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How to Make a Perfect Storm

[03:05:40] Wex Manchester > The Kitten War is not a typical example. It required a perfect storm of things to happen.
We were discussing so many things. Life, newbies, ganking. It is an eternal discussion. Almost any conversation rolls back around to it. What is and what is not. What has been and what will be. And all around the edges we all crouch and observe. Sometimes, we dive in.

It was a discussion about defending yourself vs not defending yourself. It was someone who wanted no violence to have a place where there was no violence. It was those who have come to enjoy spaceship violence defending their right to engage in spaceship violence. It was the beginning and the end of a conversation that never starts because it has never stopped.

When I started writing this, I was in a different mood. Someone came and crushed that mood. From the tattered remains I shook my head and crawled back to my keyboard. In many ways that short, unintentional incident was a reminder of why I had gone to help Rykki and co.

The perfect storm was Rykki's war dec happening at a moment when I was not only trying to figure out how I was going to create my Crisis Helpline but when I was also trying to understand myself. It was a moment when I was ready to throw everything down and walk into the unknown. It happened to work out but... what if we forced the conditions?

I play minecraft. I play it off and on. On my server, I have a few large projects I'm working on. One is a massive, sprawling tower with a courtyard and various rooms and things. I play in survival mode because gathering my stuff to build with is very satisfying to me even if it slows down my projects.

Minecraft and Eve are very similar in the fact that the world is out there for you to do things with. Go and do it. Inspiration has to come from internal places. The external may give you ideas and help. There may be corporations to join or a cliff face with plenty of coal at your spawn point. You may stare at a gorgeous spread of beach and decide to build a beach house and grow watermelon.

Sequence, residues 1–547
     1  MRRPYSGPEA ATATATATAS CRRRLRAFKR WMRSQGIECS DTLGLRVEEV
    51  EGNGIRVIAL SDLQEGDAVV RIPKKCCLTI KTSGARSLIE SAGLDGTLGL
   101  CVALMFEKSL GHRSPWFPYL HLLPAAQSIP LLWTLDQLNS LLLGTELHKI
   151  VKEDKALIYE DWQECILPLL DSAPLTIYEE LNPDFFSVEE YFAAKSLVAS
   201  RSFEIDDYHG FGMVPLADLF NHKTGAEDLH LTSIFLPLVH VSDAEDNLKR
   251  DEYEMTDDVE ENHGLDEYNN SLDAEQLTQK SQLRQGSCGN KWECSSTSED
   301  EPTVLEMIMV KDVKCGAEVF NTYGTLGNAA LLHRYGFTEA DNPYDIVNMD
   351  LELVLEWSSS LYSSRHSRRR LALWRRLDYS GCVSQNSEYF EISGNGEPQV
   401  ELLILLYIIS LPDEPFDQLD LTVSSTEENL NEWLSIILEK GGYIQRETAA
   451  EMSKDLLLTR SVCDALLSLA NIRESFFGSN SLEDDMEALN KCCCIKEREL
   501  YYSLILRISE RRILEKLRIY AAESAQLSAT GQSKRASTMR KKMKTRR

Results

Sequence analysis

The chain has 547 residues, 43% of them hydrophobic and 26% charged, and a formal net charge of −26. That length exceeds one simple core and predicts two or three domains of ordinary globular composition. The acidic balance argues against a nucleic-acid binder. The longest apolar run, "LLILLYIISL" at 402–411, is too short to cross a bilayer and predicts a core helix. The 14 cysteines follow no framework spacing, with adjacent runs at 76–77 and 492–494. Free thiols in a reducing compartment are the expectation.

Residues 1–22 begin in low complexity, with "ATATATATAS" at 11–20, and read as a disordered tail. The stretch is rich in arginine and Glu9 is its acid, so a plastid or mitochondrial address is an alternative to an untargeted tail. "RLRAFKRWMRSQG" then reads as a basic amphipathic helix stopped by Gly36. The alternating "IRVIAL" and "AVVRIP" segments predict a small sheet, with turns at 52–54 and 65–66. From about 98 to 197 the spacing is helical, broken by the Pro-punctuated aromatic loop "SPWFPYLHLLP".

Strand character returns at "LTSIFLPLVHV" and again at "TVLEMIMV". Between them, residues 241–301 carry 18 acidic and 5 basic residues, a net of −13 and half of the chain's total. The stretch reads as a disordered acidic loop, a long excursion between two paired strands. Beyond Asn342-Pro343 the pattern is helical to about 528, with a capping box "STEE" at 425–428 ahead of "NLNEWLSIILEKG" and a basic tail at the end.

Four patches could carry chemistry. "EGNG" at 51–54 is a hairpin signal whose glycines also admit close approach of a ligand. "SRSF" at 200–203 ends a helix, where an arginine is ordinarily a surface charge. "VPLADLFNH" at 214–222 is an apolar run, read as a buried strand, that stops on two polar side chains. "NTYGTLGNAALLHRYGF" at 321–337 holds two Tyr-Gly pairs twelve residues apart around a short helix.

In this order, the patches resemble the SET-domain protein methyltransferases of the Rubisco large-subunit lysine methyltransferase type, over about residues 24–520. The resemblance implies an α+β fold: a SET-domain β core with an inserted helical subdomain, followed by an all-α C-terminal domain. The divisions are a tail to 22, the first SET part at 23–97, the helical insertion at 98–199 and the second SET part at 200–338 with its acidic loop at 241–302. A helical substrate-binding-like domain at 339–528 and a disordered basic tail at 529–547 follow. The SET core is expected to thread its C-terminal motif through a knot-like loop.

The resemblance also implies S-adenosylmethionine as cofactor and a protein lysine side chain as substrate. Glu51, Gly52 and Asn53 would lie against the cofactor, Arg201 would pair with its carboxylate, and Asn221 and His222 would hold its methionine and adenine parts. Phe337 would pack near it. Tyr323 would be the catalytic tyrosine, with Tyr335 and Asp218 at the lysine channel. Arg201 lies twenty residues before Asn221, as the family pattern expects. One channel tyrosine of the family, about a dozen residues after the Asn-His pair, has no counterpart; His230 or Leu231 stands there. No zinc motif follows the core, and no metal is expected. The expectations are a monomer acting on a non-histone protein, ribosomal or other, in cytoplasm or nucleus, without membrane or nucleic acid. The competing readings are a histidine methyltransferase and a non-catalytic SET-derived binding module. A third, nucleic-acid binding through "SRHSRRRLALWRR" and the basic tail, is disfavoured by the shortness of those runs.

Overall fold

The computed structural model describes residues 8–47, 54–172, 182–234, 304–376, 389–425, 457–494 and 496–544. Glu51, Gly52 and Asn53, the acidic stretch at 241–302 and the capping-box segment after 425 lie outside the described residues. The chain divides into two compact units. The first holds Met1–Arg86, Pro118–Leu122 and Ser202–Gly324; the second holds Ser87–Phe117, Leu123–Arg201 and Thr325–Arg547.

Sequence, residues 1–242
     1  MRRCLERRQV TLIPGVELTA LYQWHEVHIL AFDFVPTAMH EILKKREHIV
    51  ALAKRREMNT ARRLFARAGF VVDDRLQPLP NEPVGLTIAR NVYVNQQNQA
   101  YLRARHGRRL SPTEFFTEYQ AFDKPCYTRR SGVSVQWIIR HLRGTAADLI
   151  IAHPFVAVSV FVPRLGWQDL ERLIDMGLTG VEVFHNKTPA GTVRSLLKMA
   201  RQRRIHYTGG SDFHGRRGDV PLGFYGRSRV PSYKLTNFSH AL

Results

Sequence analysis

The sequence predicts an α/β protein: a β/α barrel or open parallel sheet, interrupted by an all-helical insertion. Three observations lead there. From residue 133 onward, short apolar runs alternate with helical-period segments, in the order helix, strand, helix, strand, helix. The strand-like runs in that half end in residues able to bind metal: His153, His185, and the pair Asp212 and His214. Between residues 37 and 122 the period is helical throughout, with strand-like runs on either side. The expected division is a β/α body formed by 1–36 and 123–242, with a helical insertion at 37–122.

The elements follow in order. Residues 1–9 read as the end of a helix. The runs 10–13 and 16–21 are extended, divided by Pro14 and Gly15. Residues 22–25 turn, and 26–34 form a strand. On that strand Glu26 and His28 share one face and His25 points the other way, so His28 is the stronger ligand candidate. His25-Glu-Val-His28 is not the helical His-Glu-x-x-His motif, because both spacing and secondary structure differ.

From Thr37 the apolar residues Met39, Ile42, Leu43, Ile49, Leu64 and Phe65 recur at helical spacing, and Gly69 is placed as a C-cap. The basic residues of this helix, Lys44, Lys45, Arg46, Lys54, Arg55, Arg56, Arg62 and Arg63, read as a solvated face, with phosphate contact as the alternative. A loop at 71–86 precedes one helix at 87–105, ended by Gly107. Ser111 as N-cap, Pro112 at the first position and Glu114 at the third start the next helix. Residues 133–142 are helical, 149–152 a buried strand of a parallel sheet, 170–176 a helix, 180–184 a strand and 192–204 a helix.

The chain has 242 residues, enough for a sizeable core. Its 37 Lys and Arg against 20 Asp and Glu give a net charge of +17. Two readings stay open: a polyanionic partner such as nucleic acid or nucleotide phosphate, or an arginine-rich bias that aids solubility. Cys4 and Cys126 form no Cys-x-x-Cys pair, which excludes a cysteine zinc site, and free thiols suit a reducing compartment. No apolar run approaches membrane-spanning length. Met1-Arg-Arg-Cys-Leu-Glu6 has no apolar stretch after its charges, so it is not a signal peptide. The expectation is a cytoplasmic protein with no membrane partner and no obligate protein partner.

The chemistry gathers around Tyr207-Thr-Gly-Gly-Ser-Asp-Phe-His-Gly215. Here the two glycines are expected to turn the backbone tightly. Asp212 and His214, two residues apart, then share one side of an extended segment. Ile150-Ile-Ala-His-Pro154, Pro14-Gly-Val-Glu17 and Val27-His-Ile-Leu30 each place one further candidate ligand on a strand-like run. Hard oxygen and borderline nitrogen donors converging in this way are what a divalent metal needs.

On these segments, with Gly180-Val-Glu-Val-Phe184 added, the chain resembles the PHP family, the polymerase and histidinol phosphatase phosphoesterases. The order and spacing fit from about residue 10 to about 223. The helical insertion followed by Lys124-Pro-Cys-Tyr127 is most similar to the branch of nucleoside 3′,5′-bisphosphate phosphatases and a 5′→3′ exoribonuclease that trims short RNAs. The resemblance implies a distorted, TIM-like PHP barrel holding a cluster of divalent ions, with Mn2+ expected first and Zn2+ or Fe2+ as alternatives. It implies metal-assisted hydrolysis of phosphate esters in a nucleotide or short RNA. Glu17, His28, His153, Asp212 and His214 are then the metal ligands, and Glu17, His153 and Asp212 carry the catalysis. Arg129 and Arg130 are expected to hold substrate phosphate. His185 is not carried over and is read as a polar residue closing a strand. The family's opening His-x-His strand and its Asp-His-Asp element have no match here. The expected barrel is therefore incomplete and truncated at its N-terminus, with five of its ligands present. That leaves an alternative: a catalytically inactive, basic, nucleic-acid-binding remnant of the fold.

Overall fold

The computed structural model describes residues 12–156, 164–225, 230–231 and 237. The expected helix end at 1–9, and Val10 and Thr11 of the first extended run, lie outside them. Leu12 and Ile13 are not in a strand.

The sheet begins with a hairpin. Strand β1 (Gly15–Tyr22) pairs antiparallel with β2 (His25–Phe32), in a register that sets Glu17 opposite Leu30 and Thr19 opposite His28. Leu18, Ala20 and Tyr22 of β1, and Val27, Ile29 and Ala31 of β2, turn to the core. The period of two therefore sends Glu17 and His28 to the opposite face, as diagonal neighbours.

The same principles apply to whatever you decide to do. The hardest hurdle in Eve is figuring out what to do. Then, you have to figure out how to do it. Sometimes it is a simple problem and sometimes it is a bit more complex.

And sometimes, you decide to save the world.

It is interesting that helping others can be a productive gaming hobby. There are plenty of training corporations, help corporations, and people who just hang out in places where they can share information. There are wikis, and guides, and videos to fill the waking hours with information. It is a symptom of the game that we enjoy.

When I decided to focus a bit more of my time on helping I had to decide how I was going to do it. It wasn't a straightforward thing. I needed to do something that wasn't done better elsewhere and I needed to do something that would fit into my particular interests and personalities. The concept of a Crisis Helpline was the first kernel of the idea and from there its been slowly growing into something a bit more comprehensive.

I expected to undertake this alone. However, I've received a lot of support. And from those offerings I started to build the first stage of my idea. I needed something that I could start sooner rather than later and the key that I needed was the time I spent with Rykki's corporation. It allowed me to mull over my thoughts and reactions as well as all of the positive and negative feedback and attempt to create something that is not just a cool project to buff my ego but that is viable and obtainable.

The largest hurdle is that helping people is exhausting. Teaching is exhausting. Many veterans run the other way when newbies come around.  It takes a lot of energy, time, and patience to help them. I don't blame them for running. One can tell people that something is their social responsibility from sunup to sundown but shaming people is not a productive or sustainable method to run a project where people need to interact with each other. The players of Eve come to Eve to use their free, personal time. Many come to Eve to let go of all of that patience and helpfulness enforced by society. Not everyone is innately nice. Yet, that doesn't mean that people don't want to help. It simply means that people don't want to help all of the time. And in that was some of my needed direction in how to make helping appealing to veterans without expecting them to hand over their entire game of Eve.

A help line is often staffed by volunteers. My help line will be the same. My goal will be to collect volunteers. The volunteers will be gathered into loose teams as availability and interest dictate. If a situation is needed where a corporation wishes to learn more about PvP during a war dec, a team of 2-4 can be assigned to them to help build the content over the course of the war dec. Later, we can discuss permanent employees. For now, we will start with volunteers.